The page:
Not so fast, John Faso.
Lining up Congressman Faso’s statements with the facts:
Faso’s February 8, 2017 Op-Ed and Professor Skocpol’s Response
This appendix was posted February 27, 2017. Faso’s February 8, 2017, Op-Ed, “Reform and fix’ the Affordable Care Act, may be found here.
Below are Professor Theda Skocpol’s comments to us on review of the Faso Op-Ed:
“Here are a few comments on your Congressman’s OpEd, which hews pretty closely to standard GOP ideas:
- 20 Million is on the low end, as coverage expanded for somewhere between 20 and 30 million; furthermore, all Medicare beneficiaries and all employer insured Americans got very important new benefits and protections, including free checkups and limits on insurers’ ability to limit lifetime benefits or cut sick people.
- Fewer than expected did sign up on the exchanges for 2017, in part because the Trump administration and GOP talk of repeal discouraged the last minute surge; in addition, insurance companies affected by GOP steps in Congress to limit payments to them raised premiums in some states. In short, GOP sabotage efforts are part of the reason fewer than expected signed up.
- Too few choices on the exchanges have happened in some states, especially in states where GOP governors and legislatures refused to expand Medicaid to the near poor. When that happened, some of these expensive people ended up in the exchanges. NY state has not had these problems. Its insurance market has gotten a lot better, and premium increases much lower, since ACA. But repeal would make the older problems return.
- Costs both overall and to most families have gone down overall since ACA, despite some upward trends for 2016. Insurance premium costs were truly “skyrocketing” before ACA – and all existing GOP proposals would cause premiums for older and sicker people to do that again.
- Problems faced by businesses and ideas about allowing business groups to purchase plans together could easily happen with modest ACA reforms. Democrats have been pushing such improvements, too, but the GOP Congress has refused to do them. Repeal is not necessary for small repairs.
- State based risk pools would be a terrible deal for most Americans, tens of millions, with preexisting or serious health conditions. That has long been the GOP idea about what to do when insurance companies are allowed to avoid such people or charge them more – a situation that repeal would bring back. However, risk pools are never adequately funded to meet demand and current GOP repeal ideas would not provide anywhere near enough funding. The whole idea of health insurance is that everyone pays and gets affordable coverage when sick. Shunting the sick off into separate pools does not work.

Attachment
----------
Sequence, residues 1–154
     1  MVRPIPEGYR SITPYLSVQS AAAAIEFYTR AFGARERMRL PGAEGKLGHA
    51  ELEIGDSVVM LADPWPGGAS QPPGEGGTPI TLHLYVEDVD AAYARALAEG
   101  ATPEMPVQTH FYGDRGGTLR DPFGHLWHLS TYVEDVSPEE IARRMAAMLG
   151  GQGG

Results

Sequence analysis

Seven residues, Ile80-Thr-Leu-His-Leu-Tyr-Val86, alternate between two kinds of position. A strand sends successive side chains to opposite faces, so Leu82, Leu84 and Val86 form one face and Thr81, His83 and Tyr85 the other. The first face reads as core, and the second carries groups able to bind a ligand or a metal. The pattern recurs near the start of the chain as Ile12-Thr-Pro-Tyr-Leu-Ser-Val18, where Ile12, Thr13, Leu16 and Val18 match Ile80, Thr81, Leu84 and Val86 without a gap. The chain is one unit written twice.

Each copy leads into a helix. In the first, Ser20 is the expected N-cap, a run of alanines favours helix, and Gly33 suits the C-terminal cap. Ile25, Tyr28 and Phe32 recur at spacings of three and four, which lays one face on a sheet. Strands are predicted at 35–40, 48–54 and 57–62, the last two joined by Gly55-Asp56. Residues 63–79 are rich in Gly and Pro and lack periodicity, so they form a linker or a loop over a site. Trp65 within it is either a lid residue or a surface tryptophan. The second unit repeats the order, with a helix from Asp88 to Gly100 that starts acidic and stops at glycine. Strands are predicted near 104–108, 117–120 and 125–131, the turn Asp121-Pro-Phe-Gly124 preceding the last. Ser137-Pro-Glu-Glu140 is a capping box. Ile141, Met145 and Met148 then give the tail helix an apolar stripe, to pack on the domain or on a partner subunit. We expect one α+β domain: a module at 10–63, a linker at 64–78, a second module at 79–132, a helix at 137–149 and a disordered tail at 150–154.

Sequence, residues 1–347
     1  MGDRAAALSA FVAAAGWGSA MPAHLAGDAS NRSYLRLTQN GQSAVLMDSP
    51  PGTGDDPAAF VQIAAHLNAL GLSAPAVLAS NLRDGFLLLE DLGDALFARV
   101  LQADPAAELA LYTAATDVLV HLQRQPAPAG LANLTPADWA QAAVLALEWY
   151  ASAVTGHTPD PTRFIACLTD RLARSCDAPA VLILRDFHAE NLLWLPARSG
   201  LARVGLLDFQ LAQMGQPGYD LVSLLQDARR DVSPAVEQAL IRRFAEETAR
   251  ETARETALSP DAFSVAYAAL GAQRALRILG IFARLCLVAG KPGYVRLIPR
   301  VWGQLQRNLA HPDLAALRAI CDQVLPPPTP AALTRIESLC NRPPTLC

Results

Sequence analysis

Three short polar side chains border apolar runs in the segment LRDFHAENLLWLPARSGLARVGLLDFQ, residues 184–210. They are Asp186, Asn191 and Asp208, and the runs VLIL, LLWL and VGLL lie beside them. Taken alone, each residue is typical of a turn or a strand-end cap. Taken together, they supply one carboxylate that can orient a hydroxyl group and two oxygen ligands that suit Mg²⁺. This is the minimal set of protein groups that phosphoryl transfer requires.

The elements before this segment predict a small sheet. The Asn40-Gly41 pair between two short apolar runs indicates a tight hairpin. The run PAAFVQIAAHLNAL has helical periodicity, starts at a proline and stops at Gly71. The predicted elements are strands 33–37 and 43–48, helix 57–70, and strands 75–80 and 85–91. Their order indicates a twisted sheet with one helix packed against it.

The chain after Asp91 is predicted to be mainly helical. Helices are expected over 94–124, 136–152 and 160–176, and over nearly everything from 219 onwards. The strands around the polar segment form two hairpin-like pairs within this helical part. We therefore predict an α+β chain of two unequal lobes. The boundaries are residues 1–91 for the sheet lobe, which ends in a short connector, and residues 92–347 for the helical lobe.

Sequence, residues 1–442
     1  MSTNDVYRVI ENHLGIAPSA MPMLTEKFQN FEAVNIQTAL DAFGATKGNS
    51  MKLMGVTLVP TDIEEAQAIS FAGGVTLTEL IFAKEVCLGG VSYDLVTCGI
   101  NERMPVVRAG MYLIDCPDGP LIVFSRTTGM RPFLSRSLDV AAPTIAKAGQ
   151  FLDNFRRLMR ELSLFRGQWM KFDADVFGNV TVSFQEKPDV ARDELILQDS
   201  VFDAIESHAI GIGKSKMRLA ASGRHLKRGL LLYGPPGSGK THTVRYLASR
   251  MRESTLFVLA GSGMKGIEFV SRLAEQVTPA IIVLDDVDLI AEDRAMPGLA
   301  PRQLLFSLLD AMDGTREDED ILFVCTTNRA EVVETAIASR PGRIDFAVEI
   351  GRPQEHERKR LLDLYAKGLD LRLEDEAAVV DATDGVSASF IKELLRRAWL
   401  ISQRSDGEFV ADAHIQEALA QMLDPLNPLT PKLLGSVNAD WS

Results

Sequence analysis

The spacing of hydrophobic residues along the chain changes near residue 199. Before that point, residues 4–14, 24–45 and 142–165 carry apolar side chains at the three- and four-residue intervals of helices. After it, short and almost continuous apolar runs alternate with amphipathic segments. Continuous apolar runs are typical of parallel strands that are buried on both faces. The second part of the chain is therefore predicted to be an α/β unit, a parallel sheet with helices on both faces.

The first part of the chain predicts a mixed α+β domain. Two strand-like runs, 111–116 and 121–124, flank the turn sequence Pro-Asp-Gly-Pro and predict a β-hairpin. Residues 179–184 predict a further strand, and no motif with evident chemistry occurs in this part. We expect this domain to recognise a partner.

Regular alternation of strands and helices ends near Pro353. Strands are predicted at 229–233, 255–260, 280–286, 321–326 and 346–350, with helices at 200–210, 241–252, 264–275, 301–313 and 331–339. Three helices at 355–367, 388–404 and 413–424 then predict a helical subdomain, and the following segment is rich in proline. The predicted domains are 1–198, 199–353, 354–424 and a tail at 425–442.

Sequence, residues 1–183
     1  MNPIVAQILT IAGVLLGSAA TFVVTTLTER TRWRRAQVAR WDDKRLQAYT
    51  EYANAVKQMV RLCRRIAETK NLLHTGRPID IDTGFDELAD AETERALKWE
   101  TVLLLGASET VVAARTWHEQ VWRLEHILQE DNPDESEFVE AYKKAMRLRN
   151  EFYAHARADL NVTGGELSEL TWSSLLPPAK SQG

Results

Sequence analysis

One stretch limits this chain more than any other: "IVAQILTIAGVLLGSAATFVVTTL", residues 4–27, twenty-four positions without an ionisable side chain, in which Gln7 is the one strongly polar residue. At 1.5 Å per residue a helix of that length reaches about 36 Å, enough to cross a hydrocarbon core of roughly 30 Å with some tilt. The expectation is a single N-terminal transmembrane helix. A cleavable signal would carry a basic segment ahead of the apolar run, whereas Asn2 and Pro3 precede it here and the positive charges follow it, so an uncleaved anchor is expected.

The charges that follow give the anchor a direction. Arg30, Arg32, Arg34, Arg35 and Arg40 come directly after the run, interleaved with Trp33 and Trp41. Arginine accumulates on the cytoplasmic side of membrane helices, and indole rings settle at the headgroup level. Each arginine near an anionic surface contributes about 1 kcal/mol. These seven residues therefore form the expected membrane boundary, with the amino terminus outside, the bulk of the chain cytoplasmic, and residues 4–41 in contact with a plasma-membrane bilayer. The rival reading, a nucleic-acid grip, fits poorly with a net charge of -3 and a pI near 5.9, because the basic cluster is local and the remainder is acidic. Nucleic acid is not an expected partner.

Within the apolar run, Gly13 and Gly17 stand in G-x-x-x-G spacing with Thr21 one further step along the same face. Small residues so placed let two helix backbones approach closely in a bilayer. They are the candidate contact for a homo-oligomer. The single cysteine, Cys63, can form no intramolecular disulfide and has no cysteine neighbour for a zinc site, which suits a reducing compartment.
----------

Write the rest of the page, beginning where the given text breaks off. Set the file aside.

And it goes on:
- Better funding for expanded and additional community health centers has flowed through ACA, and would disappear with repeal.
“What your Congressman is not acknowledging is that all GOP repeal plans are about slashing taxes on business and the wealthy that pay for tens of millions of more Americans to get affordable coverage. Limits in the existing system have to do with NOT ENOUGH MONEY to fully lower premiums and co-pays for middle class Americans. Americans tell pollsters they want more help, not less. But the GOP repeal ideas would simply give the wealthy huge tax breaks and make premiums less affordable, raise co-pays, and leave tens of millions without good or any coverage.”
Professor Skocpol is the Director of the Scholars Strategy Network (SSN) and Victor S. Thomas Professor of Government and Sociology, Harvard University. Skocpol’s research focuses, among other things, on health reform, social policy, and civic engagement amidst the shifting inequalities in American democracy. Current projects include tracking the implementation of health reform in the U.S. states and analyzing the dynamics of local Tea Party groups. More about Theda Skocpol and the SSN may be found here.
This work is licensed under a Creative Commons Attribution 4.0 International License. You may use and attribute this work only in accordance with the terms of this license. To view a copy of this license, visit http://creativecommons.org/licenses/by-sa/4.0/.